Kitchen-Chronicles— Jacen, it’s so good to see you, she says. Soup’s* almost ready if you’re hungry.

— No thanks, he mutters.

— How are you doing? she asks. Here let me take your coat.

— I guess you know, he says, shrugging off his boiled-wool jacket. I’m not so bad, all things considered. I’ve started on my meds so there’s a little nausea, diarrhea, the usual, but not as bad as it could be. It’s the head trip. I’m sorry for barging in like this, but I’m really upset. I just ran into the guy who infected me.

Jacen sits down. Luc raises his eyebrow at Fiona.

— It turns out he knew he was positive. He knew and he’d decided not to tell his partners. Thought if he used a condom he didn’t need to. And I guess, technically…. But then he took it off. He says he didn’t. He says it broke, but I don’t think so. And even if it did, he should have told me. The prick. Oh sorry. Is Gavin around?

— He’s gone to see a movie, says Fee. Don’t worry.

— Are you going to press charges or anything, asks Luc. I mean isn’t there some law against.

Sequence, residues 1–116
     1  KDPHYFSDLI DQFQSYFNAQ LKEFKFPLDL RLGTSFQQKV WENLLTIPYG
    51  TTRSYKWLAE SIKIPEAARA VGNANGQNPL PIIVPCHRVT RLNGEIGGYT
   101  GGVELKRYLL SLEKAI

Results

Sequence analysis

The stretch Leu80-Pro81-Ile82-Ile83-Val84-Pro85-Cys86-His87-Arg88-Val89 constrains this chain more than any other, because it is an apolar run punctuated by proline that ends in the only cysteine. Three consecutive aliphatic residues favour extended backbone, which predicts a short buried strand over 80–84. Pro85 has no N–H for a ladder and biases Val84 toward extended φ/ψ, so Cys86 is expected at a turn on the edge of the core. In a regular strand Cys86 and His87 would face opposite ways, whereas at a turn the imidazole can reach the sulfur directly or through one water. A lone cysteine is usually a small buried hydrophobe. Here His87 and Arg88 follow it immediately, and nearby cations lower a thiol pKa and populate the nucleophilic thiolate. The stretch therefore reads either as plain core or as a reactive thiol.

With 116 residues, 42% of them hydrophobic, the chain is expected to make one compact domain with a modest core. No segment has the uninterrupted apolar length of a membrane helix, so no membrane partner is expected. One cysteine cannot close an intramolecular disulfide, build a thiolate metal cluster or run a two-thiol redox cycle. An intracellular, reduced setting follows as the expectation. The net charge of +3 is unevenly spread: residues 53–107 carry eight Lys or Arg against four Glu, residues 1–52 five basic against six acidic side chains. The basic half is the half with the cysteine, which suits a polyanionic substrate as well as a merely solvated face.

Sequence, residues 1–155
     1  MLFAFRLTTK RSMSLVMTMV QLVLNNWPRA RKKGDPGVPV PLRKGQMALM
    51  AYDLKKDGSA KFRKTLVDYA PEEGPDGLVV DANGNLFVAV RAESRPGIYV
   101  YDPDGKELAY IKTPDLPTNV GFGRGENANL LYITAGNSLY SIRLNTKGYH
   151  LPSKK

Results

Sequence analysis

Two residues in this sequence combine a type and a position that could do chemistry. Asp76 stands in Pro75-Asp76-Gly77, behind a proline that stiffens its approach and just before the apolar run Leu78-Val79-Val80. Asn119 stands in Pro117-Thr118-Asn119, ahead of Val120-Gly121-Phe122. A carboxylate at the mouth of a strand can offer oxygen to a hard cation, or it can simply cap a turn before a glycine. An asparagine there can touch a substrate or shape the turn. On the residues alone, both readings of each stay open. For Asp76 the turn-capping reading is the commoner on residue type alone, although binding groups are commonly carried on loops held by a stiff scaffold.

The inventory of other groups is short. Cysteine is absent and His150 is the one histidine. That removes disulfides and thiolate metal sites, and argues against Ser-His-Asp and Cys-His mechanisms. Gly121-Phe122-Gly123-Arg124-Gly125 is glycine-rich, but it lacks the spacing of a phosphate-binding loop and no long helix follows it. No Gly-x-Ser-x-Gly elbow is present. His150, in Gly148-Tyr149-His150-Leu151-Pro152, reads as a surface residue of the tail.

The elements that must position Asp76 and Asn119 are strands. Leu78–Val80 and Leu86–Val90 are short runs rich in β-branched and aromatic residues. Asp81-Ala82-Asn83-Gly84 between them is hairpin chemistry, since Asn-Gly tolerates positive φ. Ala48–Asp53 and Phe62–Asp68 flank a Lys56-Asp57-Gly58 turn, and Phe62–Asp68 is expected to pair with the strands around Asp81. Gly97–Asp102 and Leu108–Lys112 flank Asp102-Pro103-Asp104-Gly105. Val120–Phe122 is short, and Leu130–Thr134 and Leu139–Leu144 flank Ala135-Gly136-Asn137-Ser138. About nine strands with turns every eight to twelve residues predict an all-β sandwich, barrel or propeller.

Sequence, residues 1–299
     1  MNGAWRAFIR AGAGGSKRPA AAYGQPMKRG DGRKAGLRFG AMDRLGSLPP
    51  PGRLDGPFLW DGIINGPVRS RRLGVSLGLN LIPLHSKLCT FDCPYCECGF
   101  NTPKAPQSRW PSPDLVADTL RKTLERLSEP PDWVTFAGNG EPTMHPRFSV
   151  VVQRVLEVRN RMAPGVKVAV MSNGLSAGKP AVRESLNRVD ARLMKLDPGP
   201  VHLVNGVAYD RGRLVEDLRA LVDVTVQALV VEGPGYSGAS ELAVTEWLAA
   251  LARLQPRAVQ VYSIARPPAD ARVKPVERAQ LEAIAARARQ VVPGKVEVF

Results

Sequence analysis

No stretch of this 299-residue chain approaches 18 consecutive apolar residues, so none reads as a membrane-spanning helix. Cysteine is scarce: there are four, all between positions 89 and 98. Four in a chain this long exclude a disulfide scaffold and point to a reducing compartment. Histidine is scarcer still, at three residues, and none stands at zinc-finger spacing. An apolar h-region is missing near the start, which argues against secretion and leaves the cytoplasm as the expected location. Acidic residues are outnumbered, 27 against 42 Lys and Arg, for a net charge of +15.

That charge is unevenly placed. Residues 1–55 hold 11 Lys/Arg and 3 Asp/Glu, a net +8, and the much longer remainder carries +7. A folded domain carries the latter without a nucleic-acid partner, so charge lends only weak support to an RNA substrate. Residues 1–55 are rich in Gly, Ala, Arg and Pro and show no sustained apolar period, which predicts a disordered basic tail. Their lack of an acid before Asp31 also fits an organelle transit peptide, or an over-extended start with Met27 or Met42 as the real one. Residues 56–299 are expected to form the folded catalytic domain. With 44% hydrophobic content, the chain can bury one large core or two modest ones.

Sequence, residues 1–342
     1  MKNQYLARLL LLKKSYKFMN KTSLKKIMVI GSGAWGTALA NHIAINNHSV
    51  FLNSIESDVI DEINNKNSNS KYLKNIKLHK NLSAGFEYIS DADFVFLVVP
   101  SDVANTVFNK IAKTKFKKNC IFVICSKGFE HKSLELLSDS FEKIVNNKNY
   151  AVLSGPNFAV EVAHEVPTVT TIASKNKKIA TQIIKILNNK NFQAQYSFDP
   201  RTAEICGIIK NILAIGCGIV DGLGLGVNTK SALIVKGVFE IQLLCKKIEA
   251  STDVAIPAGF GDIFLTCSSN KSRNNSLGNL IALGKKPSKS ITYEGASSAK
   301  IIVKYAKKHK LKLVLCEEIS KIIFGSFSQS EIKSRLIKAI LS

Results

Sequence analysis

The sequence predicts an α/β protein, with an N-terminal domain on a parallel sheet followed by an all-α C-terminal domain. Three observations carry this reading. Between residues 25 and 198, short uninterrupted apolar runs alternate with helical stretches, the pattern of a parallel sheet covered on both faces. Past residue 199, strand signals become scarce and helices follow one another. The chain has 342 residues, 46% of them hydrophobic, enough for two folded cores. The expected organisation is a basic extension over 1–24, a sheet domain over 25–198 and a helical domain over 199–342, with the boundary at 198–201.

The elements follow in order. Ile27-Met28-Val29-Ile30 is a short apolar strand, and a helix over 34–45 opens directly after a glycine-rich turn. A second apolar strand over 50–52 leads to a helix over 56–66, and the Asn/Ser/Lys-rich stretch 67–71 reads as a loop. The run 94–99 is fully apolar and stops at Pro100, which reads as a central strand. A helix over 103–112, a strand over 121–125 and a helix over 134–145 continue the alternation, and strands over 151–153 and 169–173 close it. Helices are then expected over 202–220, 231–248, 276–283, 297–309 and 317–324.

Jacen shakes his head.

— A friend of mine went to court — well, not really my friend, a friend of a friend. Anyway, it ended up costing him about six grand in time off work and fees. And the case was dropped — not enough evidence. He said, she said. I mean he said, he said. Really, to get someone, you need more than one example. They have to be serial spreaders.

— But shouldn’t you at least try? asks Luc. I mean you wouldn’t want someone else to go through this, would you? And if the guy’s out there, practising unsafe sex…

— Yeah, I know, I know. I have thought about it. I mean he might infect someone else. He says he’s on HAART, which reduces the chances by a lot. If he is on it.

— What does public health say? asks Fiona.

— They’ll get in touch with him, tell him that he should disclose before sex, but he probably won’t and there’s nothing they can do about it.

— Unless they get more complaints.